Mississippi-rooted podcast mixes religion and pop culture

TUPELO, Mississippi (AP) – Angie Rains Farris and her husband, Tim Farris, live in Hendersonville, Tennessee, north of Nashville. They were in love with high school in 1980, when Angie graduated from Tupelo High School.

In the pre-digital era, podcasts weren’t even a thing. Today, Angie and her younger brother, Frank Rains, Jr., host a weekly podcast, “History Through The Eyes of Faith,” which recently completed its 30th episode.

With titles like “Bill Shatner and Batman” and “Nazareth on the DL”, the podcasts are aimed at an audience who may not have pieced together the pieces of history through the “eyes of faith” . Farris said she and Rains, who also lives in the Nashville area, make a great on-air duo.

“I asked Frank if he would be the host because he’s funny,” she said. “He’s got great delivery and he’s entertaining. He’s a comedian, really. His son, Wes, runs the machinery and produces the show.

Rains said his sister does the “heavy lifting” on the air, while he tries to keep things fun and relevant.

“It’s really important not to have a hangover,” he said with a laugh. “Angie does all the prep work. I just put on headphones and try to come up with something silly to talk about at the start. I make a lot of references to Star Wars and Game of Thrones, because I know more about those things than the Bible.

Farris, on the other hand, is an attentive student, both of the Bible and of the culture she says the Bible helped create.

“A lot of people say we are a ‘Christian nation’,” she said. “But we don’t even know what that means. The church has been written about history, but what people don’t understand is that the church has been making history for hundreds of years. Western history was written by the church!

Farris said learning to see history this way can help prevent mistakes, or at least help avoid repeating them.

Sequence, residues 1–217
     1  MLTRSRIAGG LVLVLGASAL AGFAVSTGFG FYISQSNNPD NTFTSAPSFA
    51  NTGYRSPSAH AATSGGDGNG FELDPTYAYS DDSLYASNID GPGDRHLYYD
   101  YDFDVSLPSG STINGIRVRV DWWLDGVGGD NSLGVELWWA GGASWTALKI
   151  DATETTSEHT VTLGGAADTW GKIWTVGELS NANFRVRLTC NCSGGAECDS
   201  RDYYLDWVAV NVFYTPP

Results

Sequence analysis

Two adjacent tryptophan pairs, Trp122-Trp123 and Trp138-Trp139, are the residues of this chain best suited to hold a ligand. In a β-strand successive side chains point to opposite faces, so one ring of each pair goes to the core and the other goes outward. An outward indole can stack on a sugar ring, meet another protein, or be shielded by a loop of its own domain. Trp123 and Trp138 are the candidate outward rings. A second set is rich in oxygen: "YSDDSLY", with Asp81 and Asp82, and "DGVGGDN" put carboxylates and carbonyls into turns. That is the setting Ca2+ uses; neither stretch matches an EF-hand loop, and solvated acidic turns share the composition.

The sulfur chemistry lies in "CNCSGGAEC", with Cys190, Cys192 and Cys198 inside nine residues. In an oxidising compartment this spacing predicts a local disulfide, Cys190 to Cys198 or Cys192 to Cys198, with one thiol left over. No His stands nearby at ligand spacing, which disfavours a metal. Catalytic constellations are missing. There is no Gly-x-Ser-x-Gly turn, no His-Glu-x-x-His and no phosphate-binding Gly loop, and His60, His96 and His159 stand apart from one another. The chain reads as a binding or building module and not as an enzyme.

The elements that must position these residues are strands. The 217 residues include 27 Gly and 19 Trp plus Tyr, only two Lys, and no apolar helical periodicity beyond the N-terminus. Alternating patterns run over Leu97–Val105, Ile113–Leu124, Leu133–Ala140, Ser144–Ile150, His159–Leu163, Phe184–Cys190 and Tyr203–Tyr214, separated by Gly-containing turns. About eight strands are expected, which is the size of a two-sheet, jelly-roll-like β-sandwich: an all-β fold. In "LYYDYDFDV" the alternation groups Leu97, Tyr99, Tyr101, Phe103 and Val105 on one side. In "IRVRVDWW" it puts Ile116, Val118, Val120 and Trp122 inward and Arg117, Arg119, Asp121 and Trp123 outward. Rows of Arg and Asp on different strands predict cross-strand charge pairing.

“A lot of what we’re going through now is because we don’t understand the story,” she said. “If we knew the story, we could look at the patterns and learn not to take the wrong approach. We could see what leads to the light and what leads us down a dark path. “

She might struggle with the technical side of podcasting, but Farris is on a solid footing when it comes to mastering content. With an undergraduate degree in philosophy from Southern Miss, an MA in Christian Education from Scarritt Graduate School in Nashville, and decades of experience teaching denominational history to religious groups, Farris is an inspiring teacher. confidence.

“You have to think about it,” she said. “Don’t tell me you’ve come to a conclusion if you don’t know the story.” I’m telling the story from a certain point of view, of course. But you can decide for yourself what you believe.

Farris always “brings her wit” to the podcast, and sometimes she brings her husband’s wit as well. Farris said she invited her husband, Tim, who holds a bachelor’s and master’s degree in electrical engineering from Ole Miss, and a doctorate in physics from Vanderbilt, to talk about science.

“I love scientific conversations,” she said. “We are not afraid to take the plunge; I try not to leave anything out. I want to include all of these elements that help us understand what faith is and how it informs our view of history. I believe it all goes together.

As the podcast approaches the story from a Christian perspective, Farris said she hopes it will reach a wider audience.

“We try to play down the idea that it’s fair to Christians,” she said. “More than half of our listeners are under 30 and some of them have never heard this story. I hope that now or later people who have never heard the gospel will hear it.

Thirty episodes in the podcast, Farris said she was just coming to the “good things.”

“We are just now coming to the center of faith,” she said. “I’m just curious to see where this is going. I have to remember that God is good at taking stock. I just need to tell the story.

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